IntroductionGlobal strategic interests and geopolitics rather than the mutual benefits of the American and African peoples have mainly shaped U.S. foreign policy objectives and priorities on the African continent. As the U.S. emerged as the global hegemonic power by replacing Great Britain after the World War II, it used Africa as "a strategic stepping stone" to the Middle East, and during the Cold War as "a pawn in East-West struggles" (Carter, 2009: 1). Since the end of the Cold War in the early 1990s, the U.S. has been using Africa for its objective of the so-called war on global terrorism by allying with some dictatorial and terrorist African regimes, such as that of Ethiopia, that engage in state terrorism and gross human rights violations while giving lip service to the issues of democracy, human rights, and economic and social development. Consequently, the U.S. government has been building relations with the parasitic African ruling classes and their repressive and exploitative governments at the cost of the ordinary African peoples. The tragedy in the U.S. foreign policy toward Africa is that there is no a single standard in dealing with African countries, governments, and peoples. For example when the U.S. criticizes Sudan, Zimbabwe, and other countries for not promoting democracy and protecting human rights, it glosses over the criminal policies of certain governments such as that of Ethiopia that "are falling into line to act as puppets of U.S. imperialism" (Talbot, 2006: 3). Currently, the U.S. government supports the Tigrayan-led minority regime of Ethiopia morally, financially, diplomatically, and militarily by disregarding its authoritarian-terrorist characteristics and its massive human rights violations (Jalata, 2005). How did the U.S. start to support the Tigrayan-led minority government of Ethiopia instead of its Amhara-based client state? Paul Henze (1985: 74), one of the architects of the American-Tigrayan alliance, argued in the mid-1980s that the Tigrayans "as much as the Amhara, are an imperial people who, despite their loyalty to tradition, think of themselves as having a right--and perhaps even a duty--to play a role in the larger political entity of which they are a part." While promoting the Tigrayan ethnonational interest, the same American ideologue dismissed the political significance of the Oromo people, the largest ethnonational group, by arguing that Oromo grievance "is both territorially and politically diffuse and unlikely to coalesce into a coherent ethnic resistance movement" (Henze, 1985: 65). In a multinational empire like Ethiopia, to identify and support one ethnonation to dominate and exploit other ethnonations claiming that it has the right to rule or it is culturally superior is racist (Jalata, 2001: 89-132). In justifying this racist action, Henze (1985: 74) asserted that the Tigrayans recognize "the need to reconstitute Ethiopia and establish a just government recognizing regional rights and ethnic distinctions" as "a natural outgrowth of...[their] view of Ethiopian history." Just as the Tigrayans are justified to rule and dominate other peoples by their sense of "fairness," they are also seen as pro-West because "they do not try to claim they are Arabs and they do not seek the support of Arab governments," according to Henze (1985: 74). Implicit in these arguments is that other peoples in the Ethiopian Empire, such as the Oromo, are pro-Arab and anti-West and lack a sense of fairness to deal with other peoples. Henze (1985: 65) dismisses the Oromo struggle for national self-determination as the following: "The claims of the Oromo Liberation Front of widespread organization and effectiveness inside Ethiopia cannot be substantiated by firm evidence. Oromia as a territorial entity has no meaning inside Ethiopia. It is an exile construct." Based on such false assumptions, U.S. foreign policy experts like Henze advised the American government to invest in the Tigrayan People's Liberation Front (TPLF) and dismissed the relevance of the Oromo Liberation Front (OLF) and other liberation fronts in the Ethiopian Empire. Because of its perceived strategic national interest and the wrong advice it received from experts and racist assumptions about the Oromo (Jalata, 2001), the U.S. government has allied with the Tigrayan minority elites to form a colonial government and to suppress the Oromo national movement. As Douglas Hellinger (1992: 80) notes, "What is missing from U.S. policy toward Africa is a basic respect for the people, their knowledge and their right to collectively determine their own future." Will the Obama administration respect the rights of African peoples in general and that of the Oromo in particular? Will President Obama (2009) respect his inaugural promise and make African dictators in general and Meles Zenawi in particular accountable because they silence dissent and "cling to power through corruption and deceit?" For sake of clarity and critical understanding of the essence of the U.S. foreign policy in Oromia and Ethiopia, let us historically explore the relationship between the U.S. and the Ethiopian state. U.S. Hegemonism and the Haile Selassie Government Since the mid-twentieth century, the U.S. government as the hegemonic power of the capitalist world system has supported the Amhara-Tigray governments of Haile Selassie and Meles Zenawi at the cost the colonized national groups, such as the Oromo. Between the early 1950s and the 1970s, the U.S. introduced its "modernization" programs to the Ethiopian Empire and supported the Haile Selassie government (Jalata, 1993: 88-99). Several scholars demonstrated that the U.S. foreign policy toward Oromia and Ethiopia consolidated the racial/ethnonational hierarchy that was formed by the alliance of Ethiopian colonialism and European imperialism (Jalata, 1993; Holcomb and Ibssa, 1990). When the Haile Selassie government was overthrown by the popular revolt of 1974, a military dictatorship emerged and allied with the former Soviet Union until 1991, when it was overthrown. With the support of the former Soviet Union, the military regime protected and extended the interests of Amhara-Tigrayan colonial settlers in Oromia and other colonized regions. At the end of the 1980s, a structural crisis that manifested itself in national movements, famine, poverty, and internal contradictions within the ruling elite factions eventually weakened the Amhara-dominated military regime and led to its demise in 1991. Using this opportunity, the U.S. government reestablished its relations with the Ethiopian Empire by allying this time with the emerging Tigrayan ethnocratic elites, which emerged from about 7 million Tigrayans. Opposing the Soviet influence in Ethiopia and recognizing that the Amhara-based Ethiopian government had lost credibility, the U.S. started to support the TPLF in the 1980s and prepared it financially, ideologically, diplomatically, and militarily to replace the Amhara-led military regime by creating the Ethiopian People's Revolutionary Democratic Front (EPRDF). With the use of Western relief aid and financial support, the TPLF/EPRDF leaders converted the famine-stricken Tigrayan peasants and those militias who were captured at war fronts into guerrilla fighters in the 1980s. The Eritrean People's Liberation Front also played a central role in building the TPLF/EPRDF army. One of the major reasons why the U.S. government chose the TPLF, as we have mentioned above, was that the Tigrayan ethnocratic elites were perceived as a legitimate successor to an Amhara-led government because of the racist assumptions of the West. Ethiopia, which was created as an informal colony of Europe during the second half of the nineteenth century, maintained its status in the global order with the help of British global hegemonism until the U.S. inherited this role. Despite the fact that the U.S., as the emerging hegemonic power after the World War II, encouraged decolonization and self-determination in the less-developed world in order to gain spheres of influence, it did not care for these issues in the Ethiopian Empire. Since Ethiopia was the first informal colony of Europe and America, there was no need to address these issues. As we shall see below, in fact the U.S. rather helped Ethiopia to colonize Eritrea, former Italian and British colony, and to incorporate it into Ethiopia. Of course, this happened after the Italian fascist occupation of Ethiopia ended with the assistance of Great Britain. The U.S. government started its direct communication in 1943 with the de facto Haile Selassie regime, which was under British indirect control; from then on, the regime requested U.S. economic and military assistance. Because of its interest in the Horn of Africa, the U.S. was receptive to the Ethiopian request and sent a Technical Mission in 1944 to help build the Ethiopian economy. Understanding the nature of the Ethiopian client state under the aegis of British hegemonism and realizing that its interests would be best served by associating with such a government, the U.S. wanted to establish strong relation with this empire. After it obtained Radio Marina, a former Italian facility in Asmara, in 1942, with the help of the British government in Eritrea (where British imperialism replaced that of Italy in the early 1940s), the U.S. interest in the Horn of Africa increased (Marcus, 1983: 83). With a base in Asmara, the U.S. wanted Eritrea to be incorporated into Ethiopia when the British evacuated Eritrea, believing that its interest would be best served by this conjunction (Marcus, 1983: 39). This position brought together U.S. and Ethiopian interests to determine the future of Eritrea. The provision of the American Technical Mission and support for the Ethiopian position on Eritrea was beneficial for the Ethiopian ruling class (Marcus, 1983: 42-43). Furthermore, in alliance with Anglo-American corporations, the upper crust of...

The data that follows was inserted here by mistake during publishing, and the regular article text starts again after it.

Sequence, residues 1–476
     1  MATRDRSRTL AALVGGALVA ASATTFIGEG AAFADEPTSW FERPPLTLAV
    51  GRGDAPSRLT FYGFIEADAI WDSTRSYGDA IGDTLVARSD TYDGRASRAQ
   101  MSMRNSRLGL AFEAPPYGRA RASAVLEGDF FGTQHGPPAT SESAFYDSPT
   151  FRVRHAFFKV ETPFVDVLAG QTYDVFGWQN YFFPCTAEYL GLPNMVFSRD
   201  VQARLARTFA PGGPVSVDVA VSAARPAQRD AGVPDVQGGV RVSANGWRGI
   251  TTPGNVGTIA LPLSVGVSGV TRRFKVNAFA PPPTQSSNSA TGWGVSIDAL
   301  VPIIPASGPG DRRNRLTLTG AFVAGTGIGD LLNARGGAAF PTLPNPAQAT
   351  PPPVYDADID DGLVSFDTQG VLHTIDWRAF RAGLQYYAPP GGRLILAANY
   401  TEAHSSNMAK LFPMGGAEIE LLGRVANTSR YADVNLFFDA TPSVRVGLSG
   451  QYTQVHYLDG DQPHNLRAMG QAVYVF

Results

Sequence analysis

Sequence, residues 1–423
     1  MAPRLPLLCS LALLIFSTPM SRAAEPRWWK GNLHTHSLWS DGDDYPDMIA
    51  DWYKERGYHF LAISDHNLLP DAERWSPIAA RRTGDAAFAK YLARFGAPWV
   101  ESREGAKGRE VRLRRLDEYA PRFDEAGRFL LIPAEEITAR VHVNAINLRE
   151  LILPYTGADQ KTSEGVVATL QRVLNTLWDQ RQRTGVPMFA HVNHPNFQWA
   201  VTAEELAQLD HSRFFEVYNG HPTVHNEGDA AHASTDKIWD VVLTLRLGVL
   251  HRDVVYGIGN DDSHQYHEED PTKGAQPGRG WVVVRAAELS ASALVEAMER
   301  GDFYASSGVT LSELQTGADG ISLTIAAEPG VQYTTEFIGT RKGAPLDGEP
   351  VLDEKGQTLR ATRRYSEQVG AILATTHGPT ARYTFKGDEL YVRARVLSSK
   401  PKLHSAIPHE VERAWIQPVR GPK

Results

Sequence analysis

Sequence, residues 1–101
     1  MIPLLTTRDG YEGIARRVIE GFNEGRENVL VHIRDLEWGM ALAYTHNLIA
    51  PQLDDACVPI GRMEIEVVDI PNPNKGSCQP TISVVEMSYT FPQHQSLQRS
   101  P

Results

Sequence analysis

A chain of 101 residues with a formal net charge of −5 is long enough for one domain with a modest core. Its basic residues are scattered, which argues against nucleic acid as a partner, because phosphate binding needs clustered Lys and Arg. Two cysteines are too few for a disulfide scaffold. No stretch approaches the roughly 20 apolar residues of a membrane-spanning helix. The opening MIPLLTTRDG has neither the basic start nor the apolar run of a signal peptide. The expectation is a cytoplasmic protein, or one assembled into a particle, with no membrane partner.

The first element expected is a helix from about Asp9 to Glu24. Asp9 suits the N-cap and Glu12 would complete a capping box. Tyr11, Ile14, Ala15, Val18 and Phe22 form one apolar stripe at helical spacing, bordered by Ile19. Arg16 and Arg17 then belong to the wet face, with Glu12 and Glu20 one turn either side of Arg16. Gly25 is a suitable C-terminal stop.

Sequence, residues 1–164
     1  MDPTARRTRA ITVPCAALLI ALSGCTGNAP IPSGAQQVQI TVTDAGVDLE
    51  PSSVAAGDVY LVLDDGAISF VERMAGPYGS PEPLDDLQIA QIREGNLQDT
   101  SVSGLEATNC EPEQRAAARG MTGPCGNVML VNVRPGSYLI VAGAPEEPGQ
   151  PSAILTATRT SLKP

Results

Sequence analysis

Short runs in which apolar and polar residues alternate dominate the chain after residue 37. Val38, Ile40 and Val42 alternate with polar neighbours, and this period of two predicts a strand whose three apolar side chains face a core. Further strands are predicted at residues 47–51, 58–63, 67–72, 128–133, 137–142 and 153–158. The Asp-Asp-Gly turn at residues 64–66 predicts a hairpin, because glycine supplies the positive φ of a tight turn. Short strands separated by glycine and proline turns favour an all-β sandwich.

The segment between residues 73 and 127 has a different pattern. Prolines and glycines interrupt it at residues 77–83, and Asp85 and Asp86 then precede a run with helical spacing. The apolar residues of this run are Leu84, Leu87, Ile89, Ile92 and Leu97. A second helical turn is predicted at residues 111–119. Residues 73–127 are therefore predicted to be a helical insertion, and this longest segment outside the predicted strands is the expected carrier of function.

Imperfections in U.S. foreign policy toward Oromia and Ethiopia: will the Obama administration introduce change?